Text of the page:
Are motion pictures protected by copyright?
You should assume ass motion pictures are protected by copyright, therefore the copyright owner owns the public performance rights. Copyright ownership gives the copyright owner a bundle of rights, which include the right to permit or prohibit reproduction, derivative works, distribution, and public performance or display of original creative works.
I own the DVD that the club I am a member of wants to show. Do I still need to get public performance rights (PPR)?
It doesn't matter where the film you are planning to show comes from--your own collection, the Library's or the corner video rental shop. The analysis is the same. If an exception under copyright law does not apply (e.g. fair use, face to face teaching), then you must obtain PPR prior to showing the film.
My student club consists of less than 10 members. Does this mean we classify as a group of friends and therefore do not need to obtain PPR?
Section 101 of copyright law does not comment on how many members qualify as within or beyond a normal circle of family and acquaintances. While this is not the type of situation that clearly warrants public performance rights, other conditions might: was the event advertised and in what way, and what are the terms of service of the platform in which the film will be screened?
My club wants to host a private screening limited to a handful of members on Zoom with an academic advisor leading a discussion. Does this constitute as a “face to face teaching activity” where PPR aren't required?
A private screening with an academic advisor leading a discussion does not implicate public performance rights, but it also doesn't fall clearly within 110(1). A private Zoom room could constitute a "similar place devoted to instruction," but again, the terms of service of the platform should be considered.
Ordinarily, the showing of a film by a group or club is for entertainment purposes and thus PPR is required. However, if the group's purpose and activities are ordinarily educational nature and the showing of the film is in furtherance of those educational purposes and activities, then it may be fair use to show the film without PPR.
What about a film series hosted by a group or club that is open to and advertised to the public?
The showing of a film as part of a film series is viewed as entertainment even if hosted or sponsored by an educational group or club. No matter how educational the setting or how tied to the curriculum, this is generally considered not to be fair use and PPR must be obtained.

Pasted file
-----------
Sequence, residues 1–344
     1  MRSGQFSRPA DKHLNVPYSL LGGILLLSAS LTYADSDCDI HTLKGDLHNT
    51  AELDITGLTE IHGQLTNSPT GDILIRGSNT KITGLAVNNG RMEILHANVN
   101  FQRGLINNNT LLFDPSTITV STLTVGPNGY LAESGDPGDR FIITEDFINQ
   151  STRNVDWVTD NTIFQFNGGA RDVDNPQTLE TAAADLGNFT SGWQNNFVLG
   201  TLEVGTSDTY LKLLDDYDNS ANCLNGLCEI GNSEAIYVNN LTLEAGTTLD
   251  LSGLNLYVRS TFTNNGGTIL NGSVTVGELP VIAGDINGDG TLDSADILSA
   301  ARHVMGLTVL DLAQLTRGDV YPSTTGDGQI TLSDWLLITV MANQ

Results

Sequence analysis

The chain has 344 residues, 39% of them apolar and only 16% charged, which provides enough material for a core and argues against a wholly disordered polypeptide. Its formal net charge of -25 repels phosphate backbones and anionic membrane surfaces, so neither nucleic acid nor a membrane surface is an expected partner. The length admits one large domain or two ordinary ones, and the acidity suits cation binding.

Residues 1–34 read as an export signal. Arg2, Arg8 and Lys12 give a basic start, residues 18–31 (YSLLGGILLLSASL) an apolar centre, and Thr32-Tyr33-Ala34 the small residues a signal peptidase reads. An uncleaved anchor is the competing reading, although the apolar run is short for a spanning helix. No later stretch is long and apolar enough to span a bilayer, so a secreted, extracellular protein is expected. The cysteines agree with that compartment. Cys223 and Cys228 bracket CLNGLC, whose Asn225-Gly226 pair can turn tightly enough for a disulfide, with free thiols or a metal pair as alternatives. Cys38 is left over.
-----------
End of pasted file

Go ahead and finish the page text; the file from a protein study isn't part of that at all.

How do I find out if a motion picture has public performance rights?
Determine what rights are attached to a motion picture at the time it is purchased or acquired, and make note of that information. Know that the motion picture is a legal copy and know if the merchant has the right to grant or convey public performance rights or not. Look for rights information on the video label, container, or on the screen. Do not assume that a motion picture has public performance rights of "home use" or wording to that effect is not indicated. In most instances, motion pictures with public performance rights rarely have that information specifically stated.
What does "Home Use Only" mean? Does it mean I cannot show this DVD to my class?
Under copyright law, copyright holders have the exclusive right of performing or displaying their copyrighted works, including films or videos. The "Home Use Only" warning at the beginning of most DVDs refers to this exclusive right of performance and display. However, the law also has an exception for performing or displaying works in a face to face teaching situation where the work being performed or displayed is related to the curriculum and only being performed or displayed for students enrolled in a course at a non-profit educational institution. Therefore, under this exception, DVDs with the "Home Use Only" warning can be played in a face to face classroom. For online courses, refer to fair use for determining how much of the film can be shown.
May I show clips of films to my students as part of a lecture?
Generally, yes, this is permissible under fair use. Apply the four factors of fair use to determine whether the film in question may be used for this purpose and how much of the film may be shown. New exemptions under the Digital Millennium Copyright Act permit educators to "rip" clips from videos for educational purposes.
The film I want to show is on Netflix. Can I stream this through my Netflix account in the classroom?
Subscription services such as Netflix and Amazon have very detailed membership agreements that may forbid the streaming of subscribed content in a classroom or other public venue. When you agree to the terms of membership, you enter into a contract and the terms of that contract trump any applicable exception in copyright. Therefore, if the membership agreement with Netflix prohibits the showing of the film in a classroom, you are bound by the terms of that agreement even if the face to face teaching exception would otherwise allow it.
Where can I obtain more information for possibly obtaining a license to show/publicly perform a motion picture on campus?
Campus Life/Event Management: https://eventmanagement.wustl.edu/